I do believe they are acutely aware of the concerns. We've heard that over the years in our discussions with FDA about the existing REMS. We heard that in August 2010 penal discussion about the potential to broaden the indication for Xyrem, but we won't know until they are done. But I do think they recognize the concerns about making sure that there is adequate control over the distribution of this product.

David Amsellem - Piper Jaffray

So I wanted to make sure we cover a few other topics in the six minutes or so that we have left. You alluded to JZP-386, or potential next-generation sodium oxybate. I was hoping you could walk us through the next steps here. And my follow-up to that is could we potentially see early pharmacokinetic data sometime next year? Is that something that's within the realm of possibility?

Bruce Cozadd

So our next steps for JZP-386, we are looking to do our first in-man trial next year. We do think we'll see our PK data next year, which will answer some of the important questions for us. We think Xyrem is a terrific drug, but it does have drawbacks. One of the drawbacks is that it's extremely short half-life, means that patients need to be dosed twice nightly. They take a liquid dose of Xyrem right before bedtime and then they wake up and take a second dose, two-and-a-half to four hours later.

We think it would be a benefit to patients, if we could get to once-nightly dosing, which is at least possible, depending on what we see in this trial. Will that data be publicly available next year, I can't promise that yet. But I think we'll have enough to go on to have some intelligent conversations with FDA about clinical regulatory strategy and for us to plot our next steps.

David Amsellem - Piper Jaffray

I guess the one follow-up to that is just a once a night dose sufficient to move forward or do you have to see something else? How do you think about the boxes you need to check in order to advance this into later stage studies?

Bruce Cozadd

I wouldn't say once-nightly dosing is the only thing we can look at, but I do think that if that were the only difference, that would be a significant difference. In terms of a benefit to patients, to not force some of them to set an alarm and wake up in the middle of the night to take a second dose and to eliminate potential risks to patients with middle-of-the-night dosing and to eliminate the risk of having a second dose of a controlled substance out on the nightstand, while the patient is deeply asleep. So I think that would represent a meaningful benefit in the overall risk benefit equation of sodium oxybate.

David Amsellem - Piper Jaffray

Walk us through the recent sales force expansion supporting Xyrem. And I guess help us think about or help us in terms of thinking about the impact of that greater sales force reach in terms of the number of additional doctors and the number of additional patients you think you can reach.

Bruce Cozadd

So we recently decided to expand our narcolepsy sales force from 80 territories to 100 territories. We did this after some initial efforts aimed at increasing our call universe by looking at data on prescribers of other drugs who we know do treat narcolepsy, but hadn't been Xyrem writers and hadn't been part of our call plan historically. We started rolling out waves of those physicians over the past 12 months to 18 months. And we were able to track some uptake in those lower-docile physicians that made us confident that this expansion would be a good thing.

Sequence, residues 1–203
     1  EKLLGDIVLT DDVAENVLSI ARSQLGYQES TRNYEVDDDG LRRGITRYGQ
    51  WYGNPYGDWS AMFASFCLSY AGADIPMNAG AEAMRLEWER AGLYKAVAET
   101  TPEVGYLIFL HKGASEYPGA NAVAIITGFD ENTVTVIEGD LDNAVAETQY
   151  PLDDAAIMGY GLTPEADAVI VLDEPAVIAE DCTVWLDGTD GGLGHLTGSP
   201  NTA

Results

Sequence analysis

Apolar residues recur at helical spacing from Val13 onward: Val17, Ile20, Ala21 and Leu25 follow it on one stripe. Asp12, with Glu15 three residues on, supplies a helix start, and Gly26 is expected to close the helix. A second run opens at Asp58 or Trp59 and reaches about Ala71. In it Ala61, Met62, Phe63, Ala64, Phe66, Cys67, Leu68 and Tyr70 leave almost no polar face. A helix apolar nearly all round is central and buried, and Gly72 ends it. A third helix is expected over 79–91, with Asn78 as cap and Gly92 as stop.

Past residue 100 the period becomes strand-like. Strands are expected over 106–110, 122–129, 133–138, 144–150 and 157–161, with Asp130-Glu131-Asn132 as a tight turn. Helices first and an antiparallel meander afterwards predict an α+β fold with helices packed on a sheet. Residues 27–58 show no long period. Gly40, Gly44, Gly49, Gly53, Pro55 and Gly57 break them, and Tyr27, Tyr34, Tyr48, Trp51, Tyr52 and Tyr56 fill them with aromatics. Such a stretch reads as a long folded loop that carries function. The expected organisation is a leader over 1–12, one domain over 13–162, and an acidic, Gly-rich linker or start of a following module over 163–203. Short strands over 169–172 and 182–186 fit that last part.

What would that mean in terms of patients, we currently have approximately 11,000 patients on therapy, out of about 50,000 diagnosed and treated patients on what is estimated to be a closer to a 160,000 narcolepsy sufferers in the U.S. So we're looking to expand our impact on that population by reaching more physicians, by reaching more existing patients and potentially helping with the better diagnosis of this disease.

We just announced on the last call our initial efforts to test some disease awareness initiatives, including T.V. advertising in two markets that we're using as controls right now to see what responsible do we get. We have a T.V. ad that directs people to website. We can obviously track our website hits. We can then track what people do on that website.

Do they run through some of the self diagnostics? Do they print out those results? Do they use the physician finder feature to find a sleep specialist in their area? That much we can see really quickly and easily and directly. Over time we'll now track what happened in those markets with prescriptions and new patient starts by those physicians. And we'll be able to see whether we're having a true impact in patients recognizing symptom of narcolepsy, seeking diagnosis and treatment and whether that turns into more Xyrem usage. If it does, we will expand those efforts, if it doesn't we will shut them down.

David Amsellem - Piper Jaffray

Well, the clock is ticking down, so I want to thank everyone in the audience. And thank you, Bruce, for joining us today.

Bruce Cozadd

Thanks, Dave.